Neuroimaging research suggests that watching a movie synchronizes brain activity between observers. This is surprising in light of anecdotal reports that viewers construct their experience radically differently, consistent with contemporary cognitive media theory. This article empirically tests the degree of agreement in the appraisal of commercially produced major motion pictures. Ratings for more than two hundred carefully selected movies were solicited from a diverse pool of more than three thousand study participants. Doing so shows that intersubjective movie appraisal is strikingly low but significantly different from zero. The article also shows that these ratings correlate only weakly with the judgment of professional movie critics. Taken together, this study supports the notion that movies are an extremely rich, highly dimensional narrative stimulus with many degrees of freedom for viewers to construct their subjective experience in a highly idiosyncratic fashion.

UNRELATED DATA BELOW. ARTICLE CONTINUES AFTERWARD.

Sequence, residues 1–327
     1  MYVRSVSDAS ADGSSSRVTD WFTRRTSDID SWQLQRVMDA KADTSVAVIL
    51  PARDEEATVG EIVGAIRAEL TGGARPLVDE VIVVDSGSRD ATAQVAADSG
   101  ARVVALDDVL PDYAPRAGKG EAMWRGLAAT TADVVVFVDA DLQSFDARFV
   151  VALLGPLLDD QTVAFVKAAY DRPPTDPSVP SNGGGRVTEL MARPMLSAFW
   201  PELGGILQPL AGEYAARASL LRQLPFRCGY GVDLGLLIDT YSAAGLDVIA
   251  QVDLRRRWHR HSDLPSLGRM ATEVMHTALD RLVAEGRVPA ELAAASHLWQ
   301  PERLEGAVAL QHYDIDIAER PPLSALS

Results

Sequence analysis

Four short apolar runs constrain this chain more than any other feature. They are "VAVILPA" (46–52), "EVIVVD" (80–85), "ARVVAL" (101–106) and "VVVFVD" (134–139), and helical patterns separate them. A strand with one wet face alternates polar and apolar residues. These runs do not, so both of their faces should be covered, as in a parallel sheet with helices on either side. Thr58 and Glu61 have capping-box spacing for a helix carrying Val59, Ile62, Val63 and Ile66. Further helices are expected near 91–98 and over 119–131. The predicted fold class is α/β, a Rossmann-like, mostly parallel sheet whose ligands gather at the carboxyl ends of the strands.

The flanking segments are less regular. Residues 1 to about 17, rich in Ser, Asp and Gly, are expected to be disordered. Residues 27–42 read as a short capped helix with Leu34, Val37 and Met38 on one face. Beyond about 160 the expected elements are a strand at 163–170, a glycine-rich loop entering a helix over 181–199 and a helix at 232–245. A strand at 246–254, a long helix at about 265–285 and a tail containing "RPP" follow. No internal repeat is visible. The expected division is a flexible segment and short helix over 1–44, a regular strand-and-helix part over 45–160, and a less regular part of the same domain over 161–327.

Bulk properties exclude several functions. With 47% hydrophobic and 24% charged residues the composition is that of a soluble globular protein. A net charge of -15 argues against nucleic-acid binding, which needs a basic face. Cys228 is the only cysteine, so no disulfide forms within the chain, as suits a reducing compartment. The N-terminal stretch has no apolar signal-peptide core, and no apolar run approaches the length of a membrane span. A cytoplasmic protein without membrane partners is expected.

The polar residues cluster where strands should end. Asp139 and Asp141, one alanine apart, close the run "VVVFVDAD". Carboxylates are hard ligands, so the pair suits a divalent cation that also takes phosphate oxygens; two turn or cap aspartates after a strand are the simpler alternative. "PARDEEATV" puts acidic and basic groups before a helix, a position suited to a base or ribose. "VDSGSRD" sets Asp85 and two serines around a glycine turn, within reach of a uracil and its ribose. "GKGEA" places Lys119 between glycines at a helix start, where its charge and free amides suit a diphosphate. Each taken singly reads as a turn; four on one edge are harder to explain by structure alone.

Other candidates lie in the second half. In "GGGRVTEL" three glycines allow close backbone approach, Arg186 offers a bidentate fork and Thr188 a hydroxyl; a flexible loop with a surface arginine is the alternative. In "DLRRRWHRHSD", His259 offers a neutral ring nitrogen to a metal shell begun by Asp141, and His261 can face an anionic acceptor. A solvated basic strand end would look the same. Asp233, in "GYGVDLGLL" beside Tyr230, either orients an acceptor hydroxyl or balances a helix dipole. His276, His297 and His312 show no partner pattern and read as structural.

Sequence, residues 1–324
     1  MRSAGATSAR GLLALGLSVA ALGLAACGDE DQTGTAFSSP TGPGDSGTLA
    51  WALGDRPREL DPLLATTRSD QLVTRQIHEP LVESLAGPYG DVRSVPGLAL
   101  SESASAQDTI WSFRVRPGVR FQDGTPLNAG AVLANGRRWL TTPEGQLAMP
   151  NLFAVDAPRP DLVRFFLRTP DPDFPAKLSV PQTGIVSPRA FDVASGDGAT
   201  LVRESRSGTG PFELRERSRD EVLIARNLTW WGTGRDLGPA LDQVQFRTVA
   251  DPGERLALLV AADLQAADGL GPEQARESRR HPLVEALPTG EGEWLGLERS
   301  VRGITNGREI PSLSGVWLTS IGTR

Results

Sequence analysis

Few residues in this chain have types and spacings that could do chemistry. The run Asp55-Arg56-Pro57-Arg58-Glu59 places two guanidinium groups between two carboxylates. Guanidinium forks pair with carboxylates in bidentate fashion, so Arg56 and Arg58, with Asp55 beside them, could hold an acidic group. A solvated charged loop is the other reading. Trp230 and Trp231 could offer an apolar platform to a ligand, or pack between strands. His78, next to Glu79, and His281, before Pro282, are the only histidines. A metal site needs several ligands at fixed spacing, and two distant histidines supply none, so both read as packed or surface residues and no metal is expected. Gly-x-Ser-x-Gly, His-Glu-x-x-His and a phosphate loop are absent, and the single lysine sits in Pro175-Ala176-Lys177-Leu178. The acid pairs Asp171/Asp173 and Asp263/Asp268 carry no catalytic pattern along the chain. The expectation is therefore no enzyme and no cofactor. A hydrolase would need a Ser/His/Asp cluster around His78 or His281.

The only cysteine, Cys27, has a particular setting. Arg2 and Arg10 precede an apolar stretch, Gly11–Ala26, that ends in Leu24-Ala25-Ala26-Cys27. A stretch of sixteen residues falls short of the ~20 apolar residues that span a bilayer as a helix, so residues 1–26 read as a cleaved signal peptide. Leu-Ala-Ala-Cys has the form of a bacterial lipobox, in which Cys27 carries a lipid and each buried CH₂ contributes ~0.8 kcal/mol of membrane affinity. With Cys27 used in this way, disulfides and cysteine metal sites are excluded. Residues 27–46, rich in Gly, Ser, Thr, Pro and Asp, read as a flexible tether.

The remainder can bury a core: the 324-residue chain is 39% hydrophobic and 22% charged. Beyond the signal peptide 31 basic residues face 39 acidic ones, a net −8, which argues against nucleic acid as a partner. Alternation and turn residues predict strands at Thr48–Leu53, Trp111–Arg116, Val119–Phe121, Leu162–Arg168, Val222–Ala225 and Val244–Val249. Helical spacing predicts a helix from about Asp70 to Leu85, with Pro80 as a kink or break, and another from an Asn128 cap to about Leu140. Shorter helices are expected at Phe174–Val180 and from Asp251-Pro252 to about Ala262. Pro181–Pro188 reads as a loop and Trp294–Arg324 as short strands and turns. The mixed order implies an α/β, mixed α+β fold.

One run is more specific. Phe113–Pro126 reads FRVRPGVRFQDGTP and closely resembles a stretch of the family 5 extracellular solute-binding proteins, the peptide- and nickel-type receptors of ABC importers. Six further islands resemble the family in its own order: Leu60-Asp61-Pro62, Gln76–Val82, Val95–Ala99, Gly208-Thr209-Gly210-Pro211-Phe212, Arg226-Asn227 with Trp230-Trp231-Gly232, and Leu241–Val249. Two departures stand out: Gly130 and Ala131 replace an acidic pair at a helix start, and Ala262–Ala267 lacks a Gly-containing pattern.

Pascal Wallisch, PhD, serves as a clinical assistant professor of psychology at New York University. His research interests concern motion perception, generally conceived, for example, its neural basis, its attentional impact, and its appraisal. His work was recognized with a variety of honors, including the Wayne C. Booth Prize and Golden Dozen Award for Excellence in Teaching, as well as the First Eagleman Prize. He also was a recipient of a German National Merit Scholarship.
Jake Alden Whritner is a laboratory/tech assistant at the Cognitive and Data Science (CoDaS) Lab at the Rutgers University-Newark, where he works on a visual perception project that uses augmented reality to study and train the visual system. His research interests include dynamic event cognition and the interaction between visual processing and attention.